If a bear that is behaving defensively is intent on making contact, your first line of defence is always your bear spray. Point the nozzle just above the bear's head so that the spray falls into the bears eyes, nose and throat. When it is 20 to 30 feet away, give it a long blast. That should be enough to discourage it and send it in the other direction. (Click here to learn more about bear pepper spray.)

"It's the escalation of fear that leads to bad decisions. There have been a number of bear attacks that I've read about that could have been avoided if the situation hadn't been misread." - Ben Kilham in Among the Bears (pg 244)

If the encounter is a surprise or you aren't carrying bear pepper spray, and the bear makes physical contact, fall to the ground and "play dead." Roll over onto your stomach and cover your neck and the back of your head with your hands. Keep your legs and elbows wide so the bear can't flip you over. When the attack stops, remain still and wait for the bear to leave. Do NOT get up until you are absolutely certain the bear is no longer in the area - even if you have to wait 30 minutes or longer.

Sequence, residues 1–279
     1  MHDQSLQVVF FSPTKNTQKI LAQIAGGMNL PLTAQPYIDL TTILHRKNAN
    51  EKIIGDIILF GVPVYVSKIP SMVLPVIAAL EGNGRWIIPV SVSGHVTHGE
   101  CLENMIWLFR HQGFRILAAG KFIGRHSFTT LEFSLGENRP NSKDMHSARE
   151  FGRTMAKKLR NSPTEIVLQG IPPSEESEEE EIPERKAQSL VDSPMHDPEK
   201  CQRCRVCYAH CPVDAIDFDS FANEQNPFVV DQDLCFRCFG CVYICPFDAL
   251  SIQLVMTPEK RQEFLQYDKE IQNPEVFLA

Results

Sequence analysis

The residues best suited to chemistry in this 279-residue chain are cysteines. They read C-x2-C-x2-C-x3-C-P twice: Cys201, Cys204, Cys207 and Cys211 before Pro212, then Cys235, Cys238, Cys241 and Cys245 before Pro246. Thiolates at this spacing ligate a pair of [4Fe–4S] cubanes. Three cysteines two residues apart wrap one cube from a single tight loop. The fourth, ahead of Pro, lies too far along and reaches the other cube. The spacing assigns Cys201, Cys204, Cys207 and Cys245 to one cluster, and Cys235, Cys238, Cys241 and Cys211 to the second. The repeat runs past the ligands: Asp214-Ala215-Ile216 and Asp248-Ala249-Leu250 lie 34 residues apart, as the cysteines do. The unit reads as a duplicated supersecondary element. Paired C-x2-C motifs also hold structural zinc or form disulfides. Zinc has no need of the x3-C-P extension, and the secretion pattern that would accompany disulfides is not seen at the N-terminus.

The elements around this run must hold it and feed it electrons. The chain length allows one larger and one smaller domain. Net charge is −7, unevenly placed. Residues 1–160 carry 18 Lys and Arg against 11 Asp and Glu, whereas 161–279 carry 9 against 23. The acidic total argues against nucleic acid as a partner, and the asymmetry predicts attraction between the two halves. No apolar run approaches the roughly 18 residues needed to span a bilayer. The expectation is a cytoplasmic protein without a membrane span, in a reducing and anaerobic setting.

If an attack is prolonged or the bear starts eating you, it is no longer being defensive and it is time to fight back (see next section).

Repelling an aggressive or non-defensive bear

Occasionally, a bear will approach you in a non-defensive manner. It may just be curious. Perhaps it's a young adult bear that is simply testing its dominance. Or it is food conditioned and/or habituated. Very rarely, it may see you as potential prey.

In any event, talk to the bear in a firm voice. Get out of its way if you can, which may be all it wants. If the bear follows you and its attention is clearly directed at you, then stand your ground and prepare to use your deterrent. A bear that is initially curious or testing you may become predatory if you do not stand up to it.

Act aggressively. Look it straight in the eyes and let it know you will fight if attacked. Shout! Make yourself look as big as possible. Stamp your feet and take a step or two toward the bear. Threaten the bear with whatever is handy (stick, pole, bear spray). The more the bear persists, the more aggressive your response should be.

If the bear attacks, use your deterrent and fight for your life. Kick, punch or hit the bear with whatever weapon is available. Concentrate your attack on the face, eyes and nose. Fight any bear that attacks you in your building or tent.

Resources:

Video: Staying Safe in Bear Country

Watch a short clip of Steven Herrero, author of Attacks: Their Causes and Avoidance, on black bear attacks.